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  Orchitis
 
Author: Jonathan Jarow Last modified: March 19, 2002
DIAGNOSTIC CRITERIA

  EPIDEMIOLOGY

  • Orchitis is less common than epididymitis.
  • Blood-borne dissemination is the major route of testicular infection.
  • Genitourinary tract infections seldom involve the testis primarily with the exception of viral diseases.
  • Mumps is the most frequent cause of viral orchitis.
  • Pyogenic orchitis usually results from an inflammatory process in the epididymis.
  • Systemic dissemination of granulomatous infections may occasionally cause orchitis.

  RISK FACTORS

  • Immunodeficiency
  • Anatomic abnormalities of lower urinary tract
  • Urethral catheterization

  SIGNS AND SYMPTOMS

  • Scrotal pain
  • Scrotal swelling
  • Fever and chills with or without nausea

  DIFFERENTIAL DIAGNOSIS

  • Bacterial infection of the testis
  • Viral infection of the testis
  • Testicular abscess
  • Testicular torsion
  • Epididymitis
  • Vasculitis due to autoimmune disease
  • Testicular cancer

  LABORATORY FINDINGS

  • Urinary culture to rule UTI
  • Scrotal color flow ultrasound to differentiate from torsion and to identify abscess
  • ESR in patients with suspected vasculitis.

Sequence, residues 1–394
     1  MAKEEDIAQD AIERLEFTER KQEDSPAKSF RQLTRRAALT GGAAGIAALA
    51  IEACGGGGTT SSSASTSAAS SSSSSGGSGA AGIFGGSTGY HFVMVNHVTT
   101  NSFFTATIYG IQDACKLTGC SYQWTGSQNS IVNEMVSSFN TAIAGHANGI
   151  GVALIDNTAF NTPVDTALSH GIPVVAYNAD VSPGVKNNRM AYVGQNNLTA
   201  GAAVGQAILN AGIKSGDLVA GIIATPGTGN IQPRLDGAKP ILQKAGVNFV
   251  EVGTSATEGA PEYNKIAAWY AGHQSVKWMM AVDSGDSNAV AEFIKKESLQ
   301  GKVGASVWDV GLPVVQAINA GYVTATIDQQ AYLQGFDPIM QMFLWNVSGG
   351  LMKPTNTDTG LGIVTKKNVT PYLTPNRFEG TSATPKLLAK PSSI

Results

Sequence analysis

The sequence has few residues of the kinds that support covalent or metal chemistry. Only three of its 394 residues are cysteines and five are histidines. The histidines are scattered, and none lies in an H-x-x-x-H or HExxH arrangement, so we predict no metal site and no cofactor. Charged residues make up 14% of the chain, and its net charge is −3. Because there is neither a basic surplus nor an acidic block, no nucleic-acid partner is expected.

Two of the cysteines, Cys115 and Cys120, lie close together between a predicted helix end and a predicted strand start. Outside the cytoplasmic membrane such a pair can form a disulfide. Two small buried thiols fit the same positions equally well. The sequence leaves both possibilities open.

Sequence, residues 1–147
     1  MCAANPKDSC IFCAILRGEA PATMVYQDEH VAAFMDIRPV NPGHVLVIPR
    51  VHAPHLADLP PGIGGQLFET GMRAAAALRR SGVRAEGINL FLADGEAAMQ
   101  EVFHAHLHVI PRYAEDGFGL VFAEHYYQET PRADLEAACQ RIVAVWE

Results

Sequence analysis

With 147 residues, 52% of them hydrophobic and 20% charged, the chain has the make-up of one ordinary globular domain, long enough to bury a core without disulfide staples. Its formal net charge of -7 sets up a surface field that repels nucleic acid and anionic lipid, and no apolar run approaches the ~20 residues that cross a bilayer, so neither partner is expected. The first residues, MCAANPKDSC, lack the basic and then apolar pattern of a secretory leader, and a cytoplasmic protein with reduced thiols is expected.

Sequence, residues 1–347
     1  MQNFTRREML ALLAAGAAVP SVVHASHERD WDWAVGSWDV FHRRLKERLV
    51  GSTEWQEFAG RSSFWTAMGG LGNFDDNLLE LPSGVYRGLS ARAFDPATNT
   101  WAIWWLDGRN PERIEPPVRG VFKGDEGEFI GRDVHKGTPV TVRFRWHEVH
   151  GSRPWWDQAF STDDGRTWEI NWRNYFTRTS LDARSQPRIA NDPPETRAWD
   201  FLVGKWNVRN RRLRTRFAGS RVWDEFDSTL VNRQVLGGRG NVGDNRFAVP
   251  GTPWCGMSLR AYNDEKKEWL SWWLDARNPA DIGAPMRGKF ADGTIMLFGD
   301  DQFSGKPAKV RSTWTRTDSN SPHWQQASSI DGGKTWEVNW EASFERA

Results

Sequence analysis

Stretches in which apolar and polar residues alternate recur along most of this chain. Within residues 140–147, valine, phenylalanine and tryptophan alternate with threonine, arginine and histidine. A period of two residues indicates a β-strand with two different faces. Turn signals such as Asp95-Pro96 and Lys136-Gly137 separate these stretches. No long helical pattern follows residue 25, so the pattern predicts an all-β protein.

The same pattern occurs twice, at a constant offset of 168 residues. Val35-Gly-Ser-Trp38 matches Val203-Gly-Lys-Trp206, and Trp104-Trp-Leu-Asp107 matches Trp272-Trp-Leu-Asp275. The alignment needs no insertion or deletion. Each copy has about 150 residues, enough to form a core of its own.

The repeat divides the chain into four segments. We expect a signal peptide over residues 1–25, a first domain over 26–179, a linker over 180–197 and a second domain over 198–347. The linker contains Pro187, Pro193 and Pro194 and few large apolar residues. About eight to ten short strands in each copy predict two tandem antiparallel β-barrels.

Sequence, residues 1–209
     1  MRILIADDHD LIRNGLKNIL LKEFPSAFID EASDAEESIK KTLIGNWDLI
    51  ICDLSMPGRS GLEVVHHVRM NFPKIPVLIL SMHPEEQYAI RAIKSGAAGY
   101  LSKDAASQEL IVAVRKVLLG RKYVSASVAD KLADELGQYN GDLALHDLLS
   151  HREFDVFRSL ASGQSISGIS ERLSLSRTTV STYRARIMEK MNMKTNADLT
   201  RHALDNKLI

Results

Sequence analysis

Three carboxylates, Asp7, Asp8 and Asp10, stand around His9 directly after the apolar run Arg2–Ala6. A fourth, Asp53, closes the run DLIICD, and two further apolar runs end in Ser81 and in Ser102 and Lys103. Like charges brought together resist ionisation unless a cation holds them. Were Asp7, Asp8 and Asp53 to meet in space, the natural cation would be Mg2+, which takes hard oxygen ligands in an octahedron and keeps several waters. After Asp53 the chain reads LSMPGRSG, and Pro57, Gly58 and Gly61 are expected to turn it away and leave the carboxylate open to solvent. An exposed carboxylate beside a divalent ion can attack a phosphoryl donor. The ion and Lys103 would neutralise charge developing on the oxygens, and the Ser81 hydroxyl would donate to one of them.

• Tuberculous cultures and skin test in patients with suspected tuberculosis
  • CBC to rule out sepsis
 
TREATMENT
LOCAL CARE
  • Scrotal elevation
  • Compresses
  • Oral analgesics (ibuprofen 600 mg tid)
SYSTEMIC THERAPY
  • Intravenous antibiotics with broad spectrum coverage (aminoglycoside and ampicillin) for bacterial epididymo-orchitis.
  • Consider steroids (methylprednisolone 1.5 mg/kg/day) or Interferon-alpha 2B (3,000 IU/day x 1 week) for viral orchitis.
SURGICAL THERAPY
  • Scrotal exploration if torsion cannot be ruled out satisfactoriy.
  • Scrotal exploration and simple orchiectomy if testicular abscess is suspected.
  • Detorsion and bilateral orchidopexy if testicular torsion is found.
 
IMPORTANT POINTS/RECOMMENDATIONS
  • Acute scrotum is a urological emergency that requires prompt attention.
  • Testicular torsion must be ruled out in any patients with an acute scrotum regardless of patient age.
  • Orchitis secondary to a vasculitis is sometimes the presenting symptom of autoimmune disease.
  • Orchitis is sometimes due to rare infecting organisms such as Candida or Tuberculosis, particularly in immunodeficient patients.
  • Although testicular tumors are rarely symptomatic, testicular cancer must be ruled out.
 
REFERENCES
  1. Krieger JN ;  Epididymitis, orchitis, and related conditions. ;  Sex Transm Dis 1984 Jul-Sep;11(3):173-81

  2. Manson AL. ;  Mumps orchitis. ;  Urology 1990 Oct;36(4):355-8

  3. Hermansen MC, Chusid MJ, Sty JR ;  Bacterial epididymo-orchitis in children and adolescents. ;  Clin Pediatr (Phila) 1980 Dec;19(12):812-5

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